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Local Muslim community closely watches violence, unrest in Iraq

Local Muslim community closely watches Iraq crisis

Colorado Springs, Colo. - With the Sunni extremists pushing toward Baghdad and the U.S. weighing its options the Muslim community in Colorado Springs watches.

Pakistani Arshad Yousufi says the Sunnis, the Shiites and the Kurds cannot co-exist in Iraq as evidence by the killings.

"The problem is the existing strategy needs to change," Yousufi said. "We can get by without intervening if we get the right constitution in place that guarantees a sense of autonomy for the Sunnis like the Kurds already have in the Northern part of Iraq.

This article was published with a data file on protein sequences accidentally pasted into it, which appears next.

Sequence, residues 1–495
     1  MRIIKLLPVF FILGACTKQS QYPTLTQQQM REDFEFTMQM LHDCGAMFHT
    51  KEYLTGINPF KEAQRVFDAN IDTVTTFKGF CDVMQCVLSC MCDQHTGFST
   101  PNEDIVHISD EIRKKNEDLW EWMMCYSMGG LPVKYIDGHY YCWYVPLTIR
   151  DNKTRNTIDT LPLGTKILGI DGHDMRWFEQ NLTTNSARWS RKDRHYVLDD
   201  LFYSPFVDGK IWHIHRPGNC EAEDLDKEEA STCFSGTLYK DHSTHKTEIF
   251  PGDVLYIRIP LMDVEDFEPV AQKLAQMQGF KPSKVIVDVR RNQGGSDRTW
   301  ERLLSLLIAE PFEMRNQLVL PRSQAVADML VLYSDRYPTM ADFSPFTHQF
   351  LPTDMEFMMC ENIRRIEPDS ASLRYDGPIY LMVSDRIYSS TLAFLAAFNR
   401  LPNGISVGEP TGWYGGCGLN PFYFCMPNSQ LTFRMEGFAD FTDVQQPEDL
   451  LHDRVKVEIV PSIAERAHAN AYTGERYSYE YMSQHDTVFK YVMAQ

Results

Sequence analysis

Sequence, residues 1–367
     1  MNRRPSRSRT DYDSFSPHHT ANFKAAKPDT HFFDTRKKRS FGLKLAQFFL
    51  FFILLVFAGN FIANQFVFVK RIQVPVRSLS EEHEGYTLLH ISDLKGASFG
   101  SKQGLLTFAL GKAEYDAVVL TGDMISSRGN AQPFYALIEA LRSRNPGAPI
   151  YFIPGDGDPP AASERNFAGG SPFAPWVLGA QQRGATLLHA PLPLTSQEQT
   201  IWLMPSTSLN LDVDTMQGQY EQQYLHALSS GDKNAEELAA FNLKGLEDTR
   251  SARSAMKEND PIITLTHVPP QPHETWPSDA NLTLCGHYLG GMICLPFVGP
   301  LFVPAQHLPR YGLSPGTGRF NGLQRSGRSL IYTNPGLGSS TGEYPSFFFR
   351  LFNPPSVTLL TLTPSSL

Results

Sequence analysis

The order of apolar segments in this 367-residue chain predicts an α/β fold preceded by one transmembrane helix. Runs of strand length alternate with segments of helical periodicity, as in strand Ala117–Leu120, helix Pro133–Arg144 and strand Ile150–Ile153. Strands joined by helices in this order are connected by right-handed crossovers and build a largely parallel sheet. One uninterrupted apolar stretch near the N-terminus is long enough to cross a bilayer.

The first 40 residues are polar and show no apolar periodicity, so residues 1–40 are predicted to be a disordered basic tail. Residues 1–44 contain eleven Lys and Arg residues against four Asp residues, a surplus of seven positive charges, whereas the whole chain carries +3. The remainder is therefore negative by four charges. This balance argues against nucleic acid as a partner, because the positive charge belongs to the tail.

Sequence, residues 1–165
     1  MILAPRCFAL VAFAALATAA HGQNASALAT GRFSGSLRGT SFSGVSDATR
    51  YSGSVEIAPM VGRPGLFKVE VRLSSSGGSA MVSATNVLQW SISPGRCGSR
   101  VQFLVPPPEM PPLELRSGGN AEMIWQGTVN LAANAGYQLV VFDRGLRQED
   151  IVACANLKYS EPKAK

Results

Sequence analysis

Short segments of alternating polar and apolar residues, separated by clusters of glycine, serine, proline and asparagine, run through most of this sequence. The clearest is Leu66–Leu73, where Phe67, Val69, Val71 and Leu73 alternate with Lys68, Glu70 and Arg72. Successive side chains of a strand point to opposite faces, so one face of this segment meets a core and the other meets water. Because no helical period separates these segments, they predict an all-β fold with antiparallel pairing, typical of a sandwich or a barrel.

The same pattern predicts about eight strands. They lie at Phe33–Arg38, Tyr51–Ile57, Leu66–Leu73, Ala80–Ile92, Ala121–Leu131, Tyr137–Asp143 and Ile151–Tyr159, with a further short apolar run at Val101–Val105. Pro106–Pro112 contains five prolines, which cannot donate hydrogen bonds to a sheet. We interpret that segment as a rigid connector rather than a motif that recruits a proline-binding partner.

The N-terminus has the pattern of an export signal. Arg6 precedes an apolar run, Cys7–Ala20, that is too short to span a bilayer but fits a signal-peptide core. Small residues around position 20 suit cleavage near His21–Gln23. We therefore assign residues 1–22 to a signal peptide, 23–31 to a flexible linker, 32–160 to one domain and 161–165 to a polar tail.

Isis is exclusively Sunni. The Maliki government that's in peril is Shiite

Here at home, President Obama has pledged not to send combat forces.  

Colorado College professor David Hendrickson, who wrote a recent essay on the Iraqi civil war believes the United States cannot afford to go back.

"We tried to build this state after smashing it and have not been successful," Hendrickson said. "There are limits to American influence in Iraq and we all need to realize that."

As Muslims at the Islamic Society of Colorado Springs pray for the innocent victims, local families are too afraid to speak out.

"Iraq is not like America where you have freedom of speech," Yousufi said. "So, if refugees say something that is perceived negatively, they can be severe repercussions for the family that's left behind."

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